The argument that Bernard Sanders has helped move the Democratic Party leftward was reflected in Tom Steyer's response pertaining to whether he'd support "direct cash payments to the descendants of slaves reparations" if recommended by a commission. The billionaire stated on Tuesday night at a CNN town hall meeting
... If you want to tell the truth about the African-American experience here, and you -- how did we get here? If we want to figure out how to repair the wrong together, we have to go back and tell the story of what's happened, so that we understand how we got here, so together we come up with the right solution, Chris.
It would be inappropriate for me to mandate the solution. This is something that we have to work through together, but there has -- that's why, when I was talking about the historically black colleges and universities, there's a narrative there about why those schools are so important. There's a narrative about how they've performed. There is a policy that comes out of those truths that is inescapable.
And I believe -- look, the -- I'm not kidding about this moral leadership. If you go back -- one of the things that's true. George W. Bush got war powers to fight the war on terror that were virtually unlimited. And it's turned out to be a big mistake. I think most people recognize that.
There are 435 congresspeople and 100 senators in the United States; 434 congresspeople and 100 senators voted for that. One person voted against it -- a black congresswoman from Oakland, Barbara Lee. It's not a fluke. There has been moral leadership from African- Americans before Dr. King, long before Dr. King, and after Dr. King's assassination....
There are parts of the African-American experience which haven't been told. There also are parts of the immigrant experience which haven't been told, as with the history of the American government supporting dictators throughout the world, especially in this hemisphere. There is also an untold story about how powerful corporate interests gained control of the American economy from forces representing the public interest. That has been particularly the case in the health care industry and has provided impetus for single-payer health care, which Tom Steyer opposes.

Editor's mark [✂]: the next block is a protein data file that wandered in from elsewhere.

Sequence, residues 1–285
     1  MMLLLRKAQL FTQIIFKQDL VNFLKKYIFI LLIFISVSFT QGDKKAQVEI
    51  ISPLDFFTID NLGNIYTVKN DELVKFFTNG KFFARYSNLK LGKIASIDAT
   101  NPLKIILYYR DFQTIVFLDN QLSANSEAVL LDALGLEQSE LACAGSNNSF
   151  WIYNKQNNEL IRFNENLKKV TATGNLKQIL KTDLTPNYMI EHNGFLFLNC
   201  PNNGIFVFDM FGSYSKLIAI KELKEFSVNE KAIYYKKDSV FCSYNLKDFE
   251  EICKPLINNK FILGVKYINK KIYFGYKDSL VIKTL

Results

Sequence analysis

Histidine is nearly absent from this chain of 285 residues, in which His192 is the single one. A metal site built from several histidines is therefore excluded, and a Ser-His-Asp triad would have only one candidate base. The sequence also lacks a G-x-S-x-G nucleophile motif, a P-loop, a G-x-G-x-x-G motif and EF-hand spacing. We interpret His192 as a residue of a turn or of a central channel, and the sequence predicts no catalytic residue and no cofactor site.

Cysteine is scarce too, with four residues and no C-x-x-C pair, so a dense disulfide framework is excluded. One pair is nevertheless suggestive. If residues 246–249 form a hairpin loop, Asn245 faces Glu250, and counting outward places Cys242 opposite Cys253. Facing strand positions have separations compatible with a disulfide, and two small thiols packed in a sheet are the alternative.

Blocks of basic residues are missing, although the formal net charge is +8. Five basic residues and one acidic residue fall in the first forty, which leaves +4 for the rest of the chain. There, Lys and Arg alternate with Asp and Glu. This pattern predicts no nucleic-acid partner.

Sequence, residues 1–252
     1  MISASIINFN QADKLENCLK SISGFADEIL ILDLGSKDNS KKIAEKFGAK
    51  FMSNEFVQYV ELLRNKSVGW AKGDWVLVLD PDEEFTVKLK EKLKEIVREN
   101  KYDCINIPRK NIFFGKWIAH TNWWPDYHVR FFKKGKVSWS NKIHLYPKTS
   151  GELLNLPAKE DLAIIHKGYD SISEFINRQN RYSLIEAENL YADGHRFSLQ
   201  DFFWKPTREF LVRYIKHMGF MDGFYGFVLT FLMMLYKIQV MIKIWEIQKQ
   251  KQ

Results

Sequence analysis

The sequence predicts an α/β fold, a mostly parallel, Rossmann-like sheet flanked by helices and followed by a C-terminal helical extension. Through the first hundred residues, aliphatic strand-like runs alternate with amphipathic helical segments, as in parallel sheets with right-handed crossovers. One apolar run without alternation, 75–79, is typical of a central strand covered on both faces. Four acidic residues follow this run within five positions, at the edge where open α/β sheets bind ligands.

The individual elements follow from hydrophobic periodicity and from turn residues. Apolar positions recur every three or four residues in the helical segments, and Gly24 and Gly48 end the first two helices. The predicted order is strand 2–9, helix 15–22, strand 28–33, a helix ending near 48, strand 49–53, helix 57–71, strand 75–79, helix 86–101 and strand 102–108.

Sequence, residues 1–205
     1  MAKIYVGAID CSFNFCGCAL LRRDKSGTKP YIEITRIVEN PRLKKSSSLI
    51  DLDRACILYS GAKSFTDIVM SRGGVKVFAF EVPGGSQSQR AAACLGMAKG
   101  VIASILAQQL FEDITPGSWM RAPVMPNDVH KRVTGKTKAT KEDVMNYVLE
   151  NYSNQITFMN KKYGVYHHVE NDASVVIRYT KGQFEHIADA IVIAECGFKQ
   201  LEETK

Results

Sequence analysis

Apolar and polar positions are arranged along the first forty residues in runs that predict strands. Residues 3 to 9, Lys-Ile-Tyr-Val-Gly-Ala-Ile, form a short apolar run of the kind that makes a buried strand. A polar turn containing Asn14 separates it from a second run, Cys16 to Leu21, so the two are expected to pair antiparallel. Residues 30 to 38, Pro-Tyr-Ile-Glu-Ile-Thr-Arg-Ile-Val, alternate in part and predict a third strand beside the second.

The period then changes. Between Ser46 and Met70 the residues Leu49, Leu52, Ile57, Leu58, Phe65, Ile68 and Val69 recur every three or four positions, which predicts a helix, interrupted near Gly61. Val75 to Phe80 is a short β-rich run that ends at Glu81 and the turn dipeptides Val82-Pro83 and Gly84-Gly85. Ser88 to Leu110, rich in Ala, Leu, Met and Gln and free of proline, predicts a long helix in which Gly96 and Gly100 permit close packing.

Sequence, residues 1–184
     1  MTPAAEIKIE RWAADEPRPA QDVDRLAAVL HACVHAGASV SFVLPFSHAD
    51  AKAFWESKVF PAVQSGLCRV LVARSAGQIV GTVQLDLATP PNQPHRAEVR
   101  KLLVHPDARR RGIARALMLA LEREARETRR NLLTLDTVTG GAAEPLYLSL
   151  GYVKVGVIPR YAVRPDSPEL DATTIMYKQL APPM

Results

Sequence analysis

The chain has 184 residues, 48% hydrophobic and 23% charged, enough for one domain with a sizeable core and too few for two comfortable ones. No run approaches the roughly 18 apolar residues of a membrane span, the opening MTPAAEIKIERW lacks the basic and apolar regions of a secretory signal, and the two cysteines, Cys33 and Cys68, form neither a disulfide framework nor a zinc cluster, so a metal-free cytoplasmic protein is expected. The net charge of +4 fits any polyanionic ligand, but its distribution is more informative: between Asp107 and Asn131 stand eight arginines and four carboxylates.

The story of the African-American experience has been inadequately told, as have so many other of our stories. However, at this point, the American people have a reasonably good knowledge of the oppression of black Americans. This pertains even to the number of whites who believe, albeit absurdly, that election of a black man to the presidency in 2008 purged the nation of the stain of discrimination and repression. Their duty done, many voters believed, election of a white bigot in 2016 would be wholly acceptable.
If Steyer wants American history to be better told, perhaps he should be a student of early 21st century history. President Bush was not given "war powers to fight the war on terror that were virtually unlimited." He took them. The Authorization for Use of Military Force of 2001 authorized the President "to use all necessary and appropriate force against those nations, organizations, or persons he determines planned, authorized, committed, or aided the terrorist attacks that occurred on September 11, 2001, or harbored such organizations or persons."
It permitted that specific President, and only to use force against those involved in the attacks of 9/11/01. It was abused numerous times by Presidents Bush and Obama and is a prime example of the dangerous expansion of Executive power in the last few decades- and which has been spiraling out of control in the Trump Administration.
Barbara Lee deserves credit for her vote. But she did not cast it because she is black, nor did did the 35 other members of Congress who are black who voted in favor of the resolution do it because of their race. Neither Steyer's reference to Representative Lee's wise and courageous vote nor the value of Historically Black Colleges and Universities constitutes a valid answer to a question about reparations.
Tom Steyer himself might be the answer- but to no question which ever has been posed or contemplated.